Make mine miscellaneous!
I don't keep up to date on all the Serious Debates going around the poetry world, because I'd rather just read and write poems, but a link connected me to a link that connected me to a link that brought me to Zach Wells' always-interesting blog, and apparently a bunch of guys are talking about thematic books of poetry.
Hey! That's the subject of my latest column in sub-Terrain! I don't normally run my subby columns here on Bloggamooga, but I figured I should get in on the action. Meanwhile, subscribe to sub-Terrain today!
MUSINGS OF THE LITERARY LIFE by Stuart Ross
Make mine miscellaneous!
Earlier this year, I sat on a jury for the Canada Council for the Arts. We were giving out grants for poetry to “emerging writers.” Our little cabal of three could do this presumably because we were “emerged writers.” Anyway, sitting on a jury is often an eye-opening experience. There were the usual aesthetic disputes, the daydreamed throttling of one juror by another, the awarding of grants to people one wants to kill, and the occasional great moment of camaraderie. The food was pretty good too.
But the thing that struck me most was the nature of the manuscripts. Sometime over the past couple of decades, something really strange has happened to poetry in this country. And I wanna know why.
See, I did some statistical forensics of the two big boxes of submissions we had to go through. I sorted the 89 manuscripts into categories. I called the first category “Projects” — these were book-length poems, or collections that comprised a single project. Think Christian Bök’s Eunoia or angela rawlings’ Wide Slumber for Lepidopterists. Think Herménégilde Chiasson’s beautiful Beatitudes and Tom Walmsley’s glorious Honeymoon in Berlin.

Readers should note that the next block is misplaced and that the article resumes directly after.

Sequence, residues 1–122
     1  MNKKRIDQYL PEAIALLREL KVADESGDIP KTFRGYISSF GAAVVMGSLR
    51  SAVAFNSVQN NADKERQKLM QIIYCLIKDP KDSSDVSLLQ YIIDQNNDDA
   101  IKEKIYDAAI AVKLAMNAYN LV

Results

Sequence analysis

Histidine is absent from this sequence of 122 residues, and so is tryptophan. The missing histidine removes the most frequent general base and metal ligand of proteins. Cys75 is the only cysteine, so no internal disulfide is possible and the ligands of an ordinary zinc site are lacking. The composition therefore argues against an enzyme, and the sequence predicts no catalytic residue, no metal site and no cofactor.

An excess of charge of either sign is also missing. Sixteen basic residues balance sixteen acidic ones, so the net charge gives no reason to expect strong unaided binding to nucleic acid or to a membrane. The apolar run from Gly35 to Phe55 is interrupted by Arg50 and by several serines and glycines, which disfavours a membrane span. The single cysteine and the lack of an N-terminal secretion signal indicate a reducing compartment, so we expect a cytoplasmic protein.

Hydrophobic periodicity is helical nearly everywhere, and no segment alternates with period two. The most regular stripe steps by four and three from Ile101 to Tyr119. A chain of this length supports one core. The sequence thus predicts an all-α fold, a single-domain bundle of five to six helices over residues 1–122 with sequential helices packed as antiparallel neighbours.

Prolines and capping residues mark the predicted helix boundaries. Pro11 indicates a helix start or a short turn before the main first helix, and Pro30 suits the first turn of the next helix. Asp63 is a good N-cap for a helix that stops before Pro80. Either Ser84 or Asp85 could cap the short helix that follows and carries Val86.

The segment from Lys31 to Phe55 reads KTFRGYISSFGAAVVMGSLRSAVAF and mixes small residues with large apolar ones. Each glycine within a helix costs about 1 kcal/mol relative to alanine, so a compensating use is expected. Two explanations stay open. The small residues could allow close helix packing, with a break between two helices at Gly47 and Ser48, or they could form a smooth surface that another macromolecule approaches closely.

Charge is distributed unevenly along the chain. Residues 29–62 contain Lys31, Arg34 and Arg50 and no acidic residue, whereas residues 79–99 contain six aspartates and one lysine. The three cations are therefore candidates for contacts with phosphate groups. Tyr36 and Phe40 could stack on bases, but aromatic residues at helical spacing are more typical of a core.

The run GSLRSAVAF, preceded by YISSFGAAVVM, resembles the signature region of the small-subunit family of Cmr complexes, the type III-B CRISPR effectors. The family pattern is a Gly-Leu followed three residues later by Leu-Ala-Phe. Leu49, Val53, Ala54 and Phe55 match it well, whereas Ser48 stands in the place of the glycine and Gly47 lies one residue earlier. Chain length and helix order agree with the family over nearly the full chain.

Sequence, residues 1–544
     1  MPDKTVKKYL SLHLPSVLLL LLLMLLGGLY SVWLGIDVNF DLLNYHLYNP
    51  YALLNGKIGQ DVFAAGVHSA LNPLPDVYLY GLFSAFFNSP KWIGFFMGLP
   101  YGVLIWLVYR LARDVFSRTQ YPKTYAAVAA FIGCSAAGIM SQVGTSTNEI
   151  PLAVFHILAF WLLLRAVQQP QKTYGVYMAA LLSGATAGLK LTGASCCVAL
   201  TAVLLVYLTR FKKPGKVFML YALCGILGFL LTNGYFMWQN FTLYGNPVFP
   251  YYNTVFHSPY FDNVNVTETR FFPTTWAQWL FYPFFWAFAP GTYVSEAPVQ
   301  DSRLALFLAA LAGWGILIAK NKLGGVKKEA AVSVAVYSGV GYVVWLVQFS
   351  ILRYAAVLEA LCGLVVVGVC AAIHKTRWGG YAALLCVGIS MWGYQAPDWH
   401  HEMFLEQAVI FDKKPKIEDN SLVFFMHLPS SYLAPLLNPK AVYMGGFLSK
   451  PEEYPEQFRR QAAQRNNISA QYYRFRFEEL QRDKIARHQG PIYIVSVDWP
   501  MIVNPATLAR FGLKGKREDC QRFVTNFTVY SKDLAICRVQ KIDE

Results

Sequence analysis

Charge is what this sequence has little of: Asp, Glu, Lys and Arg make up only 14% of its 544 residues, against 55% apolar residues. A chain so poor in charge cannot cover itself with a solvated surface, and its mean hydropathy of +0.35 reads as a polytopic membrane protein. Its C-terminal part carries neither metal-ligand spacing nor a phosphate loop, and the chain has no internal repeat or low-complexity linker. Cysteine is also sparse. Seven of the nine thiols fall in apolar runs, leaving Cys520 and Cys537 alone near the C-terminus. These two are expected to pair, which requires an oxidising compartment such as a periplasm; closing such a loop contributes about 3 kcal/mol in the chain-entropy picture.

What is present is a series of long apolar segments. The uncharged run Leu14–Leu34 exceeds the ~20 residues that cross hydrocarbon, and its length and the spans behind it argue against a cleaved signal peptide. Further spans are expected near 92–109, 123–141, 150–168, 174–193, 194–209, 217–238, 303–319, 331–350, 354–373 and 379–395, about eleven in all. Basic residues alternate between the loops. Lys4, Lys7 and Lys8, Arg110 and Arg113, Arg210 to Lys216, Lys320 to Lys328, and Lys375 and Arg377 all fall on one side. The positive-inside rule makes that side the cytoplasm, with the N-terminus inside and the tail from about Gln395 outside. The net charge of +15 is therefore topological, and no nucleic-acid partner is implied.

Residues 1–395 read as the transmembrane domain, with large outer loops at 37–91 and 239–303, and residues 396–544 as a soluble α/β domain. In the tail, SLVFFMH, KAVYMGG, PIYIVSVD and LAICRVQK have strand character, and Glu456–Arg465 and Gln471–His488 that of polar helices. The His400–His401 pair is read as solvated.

The second category was “Themes” — collections of poems all exploring a single theme or character. Like Paul Vermeersch’s The Fat Kid or Gary Barwin and Derek Beaulieu’s Frogments from the Frag Pool. Adam Sol’s Jeremiah, Ohio.
Next came what I called “Themes in Sections” — either a book divided into, say, three or four sections, each exploring one theme, or a book containing discrete projects. Alessandro Porco’s highly entertaining The Jill Kelly Poems and Sharon Harris’s Avatar. My own Dead Cars in Managua would just about fit into this file. Maybe Paul Dutton’s Aurealities.
The final category I labelled “Miscellaneous” — collections of poems whose greatest connection is that they are all written by the same author. In other words, this latter category is simply a collection of poems someone wrote. The best of what they have lying around, presumably.
Now, there are some good Project books, and some good Theme books, and some good books constructed as Themes in Sections. Great ones, even. But my favourite poetry books are the Miscellaneous breed: an eclectic grab bag of poems by a single author. Tulsa Kid, by Ron Padgett. The Nearness of the Way You Look Tonight, by Charles North. Primitive, by Gil Adamson. I could go on.
In fact, I will go on, because you should read every goddamn one of these books. The Bone Broker, by Lillian Necakov. Capitalism, by Campbell McGrath. A Defense of Poetry, by Gabriel Gudding (OK, most of the poems in there invoke butts, asses, and rectums, but it’s not truly a Theme book). Rhymes of a Jerk, by Larry Fagin. Pearl, by Lynn Crosbie. The Romantic Dogs, by Roberto Bolaño. Flutter, by Alice Burdick. Shroud of the Gnome, by James Tate. Jen Currin’s The Sleep of Four Cities. Your Name Here, by John Ashbery.